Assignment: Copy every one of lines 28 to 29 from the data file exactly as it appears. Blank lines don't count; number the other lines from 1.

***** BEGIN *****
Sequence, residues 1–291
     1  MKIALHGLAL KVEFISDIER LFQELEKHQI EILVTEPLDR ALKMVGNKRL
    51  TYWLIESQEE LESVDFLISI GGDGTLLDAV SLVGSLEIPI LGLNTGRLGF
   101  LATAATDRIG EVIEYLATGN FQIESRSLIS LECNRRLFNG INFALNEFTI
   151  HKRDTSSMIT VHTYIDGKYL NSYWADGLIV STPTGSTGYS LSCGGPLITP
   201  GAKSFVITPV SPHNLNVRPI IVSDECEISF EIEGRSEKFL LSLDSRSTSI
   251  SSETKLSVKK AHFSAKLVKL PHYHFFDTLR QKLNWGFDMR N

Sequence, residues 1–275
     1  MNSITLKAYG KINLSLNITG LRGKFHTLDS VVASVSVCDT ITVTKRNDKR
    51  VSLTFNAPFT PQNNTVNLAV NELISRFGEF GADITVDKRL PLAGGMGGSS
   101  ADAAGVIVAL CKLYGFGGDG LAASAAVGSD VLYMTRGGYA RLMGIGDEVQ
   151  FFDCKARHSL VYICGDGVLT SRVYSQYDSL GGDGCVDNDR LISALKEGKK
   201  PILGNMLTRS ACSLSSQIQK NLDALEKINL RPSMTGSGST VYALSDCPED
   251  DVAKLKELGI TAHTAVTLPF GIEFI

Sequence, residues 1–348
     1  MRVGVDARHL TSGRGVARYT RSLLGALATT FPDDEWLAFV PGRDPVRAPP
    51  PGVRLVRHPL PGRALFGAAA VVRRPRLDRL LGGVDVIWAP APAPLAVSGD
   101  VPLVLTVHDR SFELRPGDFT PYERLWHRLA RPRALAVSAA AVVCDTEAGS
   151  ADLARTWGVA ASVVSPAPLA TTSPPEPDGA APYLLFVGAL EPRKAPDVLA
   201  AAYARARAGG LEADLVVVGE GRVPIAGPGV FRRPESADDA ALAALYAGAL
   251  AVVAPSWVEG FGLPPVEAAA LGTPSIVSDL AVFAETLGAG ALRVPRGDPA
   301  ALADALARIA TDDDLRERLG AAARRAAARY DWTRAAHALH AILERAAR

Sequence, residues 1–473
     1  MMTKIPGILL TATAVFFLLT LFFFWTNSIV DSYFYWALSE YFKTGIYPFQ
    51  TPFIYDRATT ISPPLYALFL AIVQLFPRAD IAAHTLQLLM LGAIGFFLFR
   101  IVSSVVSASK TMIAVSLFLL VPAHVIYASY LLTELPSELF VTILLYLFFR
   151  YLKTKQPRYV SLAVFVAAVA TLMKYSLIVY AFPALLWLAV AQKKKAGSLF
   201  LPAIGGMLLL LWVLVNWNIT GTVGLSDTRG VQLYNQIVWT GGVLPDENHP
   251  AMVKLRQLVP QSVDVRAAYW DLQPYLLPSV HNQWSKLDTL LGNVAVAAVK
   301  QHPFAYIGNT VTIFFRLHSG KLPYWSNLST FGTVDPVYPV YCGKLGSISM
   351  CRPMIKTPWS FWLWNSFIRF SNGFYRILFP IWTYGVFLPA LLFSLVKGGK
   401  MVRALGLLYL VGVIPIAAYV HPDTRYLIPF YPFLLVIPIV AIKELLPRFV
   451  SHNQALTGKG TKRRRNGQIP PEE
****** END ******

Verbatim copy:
   201  LPAIGGMLLL LWVLVNWNIT GTVGLSDTRG VQLYNQIVWT GGVLPDENHP
   251  AMVKLRQLVP QSVDVRAAYW DLQPYLLPSV HNQWSKLDTL LGNVAVAAVK